What We Do > Research


From Recognition to Realisation of Rights: Furthering Effective Partnership for an Inclusive Pacific 2030. Pacific Disability Forum SDG-CRPD Monitoring Report 2018;


In the last five years, Pacific Island countries’ leaders have strengthened their commitments to tackle barriers faced by persons with disabilities, with most countries now having ratified the Convention on the Rights of Persons with Disabilities (CRPD). The adoption of the 2016-2025 Pacific Regional Framework for the Rights of Persons with Disabilities (PFRPD) represents another important step forward. PIC Governments have also prioritized empowering persons with disabilities as one of the issues that require collective attention in the 2017 Roadmap for Sustainable Development.

Those commitments have begun to translate into greater efforts and progress in terms of awareness raising, legal harmonisation, data collection, inclusive education, vocational training, and access to assistive devices, social protection, disaster risk reduction and humanitarian response. Engagement with Organisations of People with Disabilities has significantly increased in many countries.

key factor in this progress has been the unique and fruitful regional and multi-stakeholder collaboration between government, DPOs, regional bodies, UN agencies, and development and donor partners, including the sustained support of the Australian Government for disability inclusive development in the Pacific.

However, overall domestic resource allocation for the inclusion of persons with disabilities is still below 0.15% of the GDP for most countries. There remains a strong reliance on ODA to invest in developing required disability-specific and disability inclusive services. Countries often prioritise few issues and have not yet adopted a whole-of-government approach to inclusion. There is also a need for more effective regulatory changes across sectors and development of support services to enable significant improvement in the life of persons with disabilities and their families. While more can be done to make the most of existing resources, the intrinsic geographic, economic and institutional constraints faced by many countries are curtailing investments that would be needed to further decisive progress.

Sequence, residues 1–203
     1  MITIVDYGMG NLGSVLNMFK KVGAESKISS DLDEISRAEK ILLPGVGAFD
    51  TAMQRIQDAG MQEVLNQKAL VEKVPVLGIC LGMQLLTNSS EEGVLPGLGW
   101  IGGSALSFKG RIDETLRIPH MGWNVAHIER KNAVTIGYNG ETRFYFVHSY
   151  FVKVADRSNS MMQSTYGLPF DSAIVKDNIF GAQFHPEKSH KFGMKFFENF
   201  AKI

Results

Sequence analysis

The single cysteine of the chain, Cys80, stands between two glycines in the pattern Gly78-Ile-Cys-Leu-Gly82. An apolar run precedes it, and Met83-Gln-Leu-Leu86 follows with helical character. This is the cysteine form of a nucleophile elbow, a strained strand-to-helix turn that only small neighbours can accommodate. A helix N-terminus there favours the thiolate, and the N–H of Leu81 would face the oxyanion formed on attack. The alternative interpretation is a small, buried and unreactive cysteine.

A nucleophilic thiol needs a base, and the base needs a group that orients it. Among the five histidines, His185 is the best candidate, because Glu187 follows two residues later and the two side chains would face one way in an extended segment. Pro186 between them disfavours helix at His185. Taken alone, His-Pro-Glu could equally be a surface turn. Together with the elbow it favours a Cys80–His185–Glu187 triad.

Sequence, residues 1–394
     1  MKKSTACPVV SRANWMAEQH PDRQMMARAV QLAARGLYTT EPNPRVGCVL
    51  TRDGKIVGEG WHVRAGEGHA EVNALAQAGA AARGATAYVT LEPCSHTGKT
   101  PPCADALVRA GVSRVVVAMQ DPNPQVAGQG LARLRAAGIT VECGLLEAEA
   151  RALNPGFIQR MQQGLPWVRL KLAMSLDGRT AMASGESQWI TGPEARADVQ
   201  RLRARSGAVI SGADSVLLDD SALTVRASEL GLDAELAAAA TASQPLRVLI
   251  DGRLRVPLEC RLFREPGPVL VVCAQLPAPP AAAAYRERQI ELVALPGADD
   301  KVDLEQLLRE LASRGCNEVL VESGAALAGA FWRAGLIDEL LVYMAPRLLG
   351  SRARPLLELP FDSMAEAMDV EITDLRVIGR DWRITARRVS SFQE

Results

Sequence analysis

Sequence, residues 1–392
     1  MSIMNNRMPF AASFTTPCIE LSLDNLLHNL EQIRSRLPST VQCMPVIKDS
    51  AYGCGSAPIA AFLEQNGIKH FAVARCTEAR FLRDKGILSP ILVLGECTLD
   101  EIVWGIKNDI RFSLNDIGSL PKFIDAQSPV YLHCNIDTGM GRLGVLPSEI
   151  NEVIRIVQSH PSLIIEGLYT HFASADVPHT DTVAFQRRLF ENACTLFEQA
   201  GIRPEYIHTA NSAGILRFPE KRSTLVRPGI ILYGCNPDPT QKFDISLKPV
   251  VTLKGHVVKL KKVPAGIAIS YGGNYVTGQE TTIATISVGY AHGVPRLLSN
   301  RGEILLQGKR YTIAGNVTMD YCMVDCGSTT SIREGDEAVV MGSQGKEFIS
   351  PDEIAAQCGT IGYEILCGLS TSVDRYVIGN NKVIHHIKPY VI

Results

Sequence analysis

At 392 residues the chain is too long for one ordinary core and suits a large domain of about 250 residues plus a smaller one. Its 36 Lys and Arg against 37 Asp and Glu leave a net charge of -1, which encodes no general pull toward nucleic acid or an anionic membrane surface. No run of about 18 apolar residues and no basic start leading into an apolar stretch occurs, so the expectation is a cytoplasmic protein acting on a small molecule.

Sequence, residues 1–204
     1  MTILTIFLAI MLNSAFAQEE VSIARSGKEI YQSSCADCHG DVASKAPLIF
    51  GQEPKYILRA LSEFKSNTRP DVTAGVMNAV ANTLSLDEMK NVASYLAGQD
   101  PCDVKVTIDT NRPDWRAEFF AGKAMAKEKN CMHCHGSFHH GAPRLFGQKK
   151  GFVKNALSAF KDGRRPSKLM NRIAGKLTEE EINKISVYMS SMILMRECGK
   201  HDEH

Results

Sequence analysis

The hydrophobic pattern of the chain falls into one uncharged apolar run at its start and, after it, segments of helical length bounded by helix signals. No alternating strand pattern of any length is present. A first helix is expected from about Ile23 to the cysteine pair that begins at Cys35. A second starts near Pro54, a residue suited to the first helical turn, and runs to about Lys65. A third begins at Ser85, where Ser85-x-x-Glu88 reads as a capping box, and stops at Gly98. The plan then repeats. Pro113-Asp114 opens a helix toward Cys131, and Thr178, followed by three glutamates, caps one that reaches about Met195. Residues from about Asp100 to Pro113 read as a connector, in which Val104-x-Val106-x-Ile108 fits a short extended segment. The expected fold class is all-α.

The Pacific Disability Forum and its members call on all countries to pursue their efforts to implement the CRPD and inclusive SDGs in close cooperation with DPOs. 

Considering the inherent constraints of many countries and competing priorities imposed by climate change, PDF calls also for deepening partnership towards an Inclusive Pacific 2030 notably through the formalisation of an efficient and innovative regional and multi-stakeholder mechanism in support of the PFRPD that would allow for mutualisation of investments, further coordination of technical assistance and gain in economy of scale in relation to procurement, development of human resources and access to services. 

Click here for: The Pacific Disability Forum SDG-CRPD Monitoring Report 2018 EXECUTIVE SUMMARY

Australia Pacific Islands Disability Support 

The Pacific Disability Forum and Australia Pacific Islands Disability Support teamed up for an 18 month research project on Capacity Development for Disabled People’s Organisations in the Pacific.

The project visited 11 Pacific Island Countries. Researchers visited each country and conducted meetings and focus groups with Disabled People’s Organisations, persons with disability in the community and government officials. 

The research focussed on qualitative data on:

  • identifying existing capacity strengths of the Disabled People’s Organisations,
  • identifying shared capacity development objectives among Disabled People’s Organisations
  • identifying approaches and tools for strengthening capacity
  • describing experiences and lessons learned about capacity development processes
  • describing factors which influence existing capacity of Disabled People’s Organisations in the Pacific
  • providing information to support evidence informed policy making
  • providing DPOs learning opportunities about capacity development, effectiveness and efficiency in their own contexts

Research reports for each country and a summary report are available in our online resource library.

United Nations Economic and Social Commission for Asia and the Pacific (UNESCAP)

UNESCAP funded the Pacific Disability Forum’s research into livelihood and disability in Fiji.

The research took place across all divisions in Fiji, was both qualitative and quantitative, and included face-to-face interviews and focus groups.

Researchers asked about housing, household structure, social services, skills and education, income, and non-income livelihood issues. 

The final report is available in our online resource library.

Fiji Disabled Peoples Association 

In 2011 the Pacific Disability Forum and the Fiji Disabled Peoples Association teamed up to perform research on disaster and risk reduction in Fiji.

The purpose of the research was to identify the gaps and to share experiences of persons with disabilities during disasters. Researchers used a structured questionnaire and focus groups to gather data.

The project gathered and analysed the data and made recommendations on how to work with government and the community to include persons with disabilities in disaster preparation in Fiji. 

The final report is available in our online resource library.